Over the last week we have had some neat encounters with nature right in our own yard. You'll think we live in the Amazon, not Ohio, when you see these creatures! Hope none of you are too squeamish, as neither of the visitors we had are exactly cuddly...
First is a common but remarkable resident in many North American backyards: Argiope aurantia, a type of orb spider known as the "Garden" or "banana" spider.
Isn't she spectacular? It's hard to appreciate how big she is, but it is common for female spiders to as large as 28mm. The males are much smaller (5-9 mm), and are often eaten by the female after they mate with her (yikes!).
Orb spider webs are often over 2 feet in diameter. That zig-zag line down the middle is called a "stabilimentum", and is always present. It is thought that it somehow broadcasts the presence of an otherwise hard-to-see web to birds, so they don't crash through and make the poor spider rebuild the whole thing. I don't like spiders much, but can certainly appreciate the beauty this big gal, especially since she is outside!
Just the day before that I had another visitor, this time on my front porch. You probably won't believe this, but it literally knocked on my front door! I heard creepy scratching sounds coming from the porch, so tentatively peeked out the front widow to see what it was. Imagine my surprise when I realized what it was:
That's a Northern snapping turtle! He was HUGE! I don't have the slightest idea what he was doing on my porch (he had to crawl up a pretty big step to get there), but he was standing on his hind legs and trying to climb up my front door when I first saw him. My first thought was to run & get the camera to get some pictures of this strange guest.
Look at the size of those claws! I wasn't about to mess with him! So my second thought was, how can I get him outta there?? I didn't want to hurt him, but I wasn't in the mood to lose any fingers either, and he wasn't going anywhere on his own. I tried to call animal control, but they weren't in (it figures). So I did the only other thing I could think of to get rid of a 30-lb snapping turtle - I called the police!
I can only imagine what dispatch was thinking when a woman calls and says "I have a huge snapping turtle on my front porch" - yeah, right. But I can tell you the when the first officer to arrive came striding around the corner with her gloves already on and saw how big the turtle actually was, she immediately called for backup!! Since I live in a township & the police department is small, the second officer to arrive was actually the SWAT team!! The officers luckily thought the whole scenario was fun, and seemed to enjoy the challenge of removing the turtle, as compared to responding to the typical call of quarreling neighbors!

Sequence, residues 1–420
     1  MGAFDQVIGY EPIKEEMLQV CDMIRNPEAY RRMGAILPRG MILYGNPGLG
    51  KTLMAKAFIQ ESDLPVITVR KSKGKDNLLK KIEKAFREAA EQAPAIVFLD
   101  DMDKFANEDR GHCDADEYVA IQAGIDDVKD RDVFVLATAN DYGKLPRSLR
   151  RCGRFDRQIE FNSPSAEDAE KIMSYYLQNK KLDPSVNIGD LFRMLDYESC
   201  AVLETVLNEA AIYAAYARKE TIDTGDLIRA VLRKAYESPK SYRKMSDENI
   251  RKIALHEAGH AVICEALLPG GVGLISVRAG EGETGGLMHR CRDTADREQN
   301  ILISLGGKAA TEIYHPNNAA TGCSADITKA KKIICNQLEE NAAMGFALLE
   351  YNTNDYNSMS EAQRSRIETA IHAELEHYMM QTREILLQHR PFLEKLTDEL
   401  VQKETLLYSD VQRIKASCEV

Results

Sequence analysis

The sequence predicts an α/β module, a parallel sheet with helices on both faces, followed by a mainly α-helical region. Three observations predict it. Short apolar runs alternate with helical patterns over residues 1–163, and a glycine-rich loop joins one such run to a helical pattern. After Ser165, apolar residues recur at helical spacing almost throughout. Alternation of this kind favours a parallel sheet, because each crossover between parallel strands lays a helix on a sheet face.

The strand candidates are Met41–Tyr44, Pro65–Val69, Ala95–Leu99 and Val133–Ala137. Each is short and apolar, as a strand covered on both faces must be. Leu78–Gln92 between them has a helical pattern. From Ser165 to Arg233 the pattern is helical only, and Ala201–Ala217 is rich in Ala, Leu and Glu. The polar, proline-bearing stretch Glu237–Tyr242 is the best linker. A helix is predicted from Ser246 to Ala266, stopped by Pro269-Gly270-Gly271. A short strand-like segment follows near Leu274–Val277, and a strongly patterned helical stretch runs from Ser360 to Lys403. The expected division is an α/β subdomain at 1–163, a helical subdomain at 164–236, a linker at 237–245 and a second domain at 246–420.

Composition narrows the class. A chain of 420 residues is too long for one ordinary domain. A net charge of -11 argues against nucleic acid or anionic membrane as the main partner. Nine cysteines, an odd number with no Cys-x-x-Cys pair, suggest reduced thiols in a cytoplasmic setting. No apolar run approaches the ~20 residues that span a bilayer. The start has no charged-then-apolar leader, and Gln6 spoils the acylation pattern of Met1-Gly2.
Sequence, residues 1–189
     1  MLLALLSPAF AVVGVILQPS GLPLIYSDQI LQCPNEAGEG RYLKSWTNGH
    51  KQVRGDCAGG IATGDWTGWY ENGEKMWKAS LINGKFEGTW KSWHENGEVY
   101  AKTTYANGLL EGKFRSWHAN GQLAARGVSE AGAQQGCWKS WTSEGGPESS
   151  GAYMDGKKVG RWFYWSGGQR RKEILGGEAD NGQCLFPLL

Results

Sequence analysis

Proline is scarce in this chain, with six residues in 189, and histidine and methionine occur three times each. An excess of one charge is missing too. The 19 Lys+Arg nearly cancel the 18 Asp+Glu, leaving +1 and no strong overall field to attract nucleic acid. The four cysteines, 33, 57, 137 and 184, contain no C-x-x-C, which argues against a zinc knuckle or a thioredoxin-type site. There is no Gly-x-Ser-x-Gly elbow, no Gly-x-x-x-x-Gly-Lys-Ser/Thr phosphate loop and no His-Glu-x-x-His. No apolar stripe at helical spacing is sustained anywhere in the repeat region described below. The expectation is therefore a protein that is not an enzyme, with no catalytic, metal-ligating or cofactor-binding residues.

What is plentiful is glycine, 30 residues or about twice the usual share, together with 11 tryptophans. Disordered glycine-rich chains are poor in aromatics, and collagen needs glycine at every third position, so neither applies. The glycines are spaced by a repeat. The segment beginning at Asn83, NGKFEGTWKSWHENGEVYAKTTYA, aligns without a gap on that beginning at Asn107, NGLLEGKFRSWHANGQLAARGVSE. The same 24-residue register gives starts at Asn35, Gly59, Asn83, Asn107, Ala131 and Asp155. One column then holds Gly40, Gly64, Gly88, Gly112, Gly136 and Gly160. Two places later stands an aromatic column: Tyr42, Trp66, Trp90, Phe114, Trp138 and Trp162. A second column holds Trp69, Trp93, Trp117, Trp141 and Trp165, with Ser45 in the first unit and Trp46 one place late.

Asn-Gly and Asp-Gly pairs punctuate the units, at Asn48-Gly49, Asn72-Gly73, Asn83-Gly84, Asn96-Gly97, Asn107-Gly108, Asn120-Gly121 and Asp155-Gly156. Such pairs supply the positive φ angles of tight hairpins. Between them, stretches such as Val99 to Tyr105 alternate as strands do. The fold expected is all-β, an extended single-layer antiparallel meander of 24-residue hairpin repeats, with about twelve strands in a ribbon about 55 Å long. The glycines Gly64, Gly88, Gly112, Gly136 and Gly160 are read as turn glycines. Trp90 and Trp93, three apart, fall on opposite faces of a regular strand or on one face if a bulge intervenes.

A snapper might not be fast on his feet when on dry land, but his head could shoot out a few feet in the blink of an eye, and supposedly has the second strongest bite of all animals (only alligators can generate as more pressure per square inch)! He REALLY didn't appreciate that we were trying to help him - he was vicious! But with the help of some long-handled tools and a really big bucket, he was successfully removed from my porch and safely deposited in a nearby pond. I was relieved to have him relocated sucessfully, and just glad the dogs didn't find him before I did!
Thankfully we haven't heard from the turtle since. What a great story!
I still have one more bit of nature to share with you today. Remember the trip we took out west earlier this summer (see the Flat Brutus posts)? This was one of the souvenirs we brought home:
I followed the directions, planted the seeds & waited. After 20 days in the fridge, I moved the container to the windowsill as instructed. Sometime over the weekend while we were away on our "Earlventure" (thanks to Sam of Margeblog for coining that term - LOVE it), a little miracle of nature occurred: I am now the proud caretaker of not one, but TWO giant sequoia seedlings!! I kept Brutus away from the other wildlife (for his own good!), but let him check out the baby trees:
Can you believe that those fragile little wisps have the potential to grow to be the largest living thing on the planet??
They do grow quickly (up to 3 feet a year), but I don't think we'll be decorating the sequoias for Christmas any time soon! Hope my withered brown thumb can be a little greener than usual for this project! Wish me luck!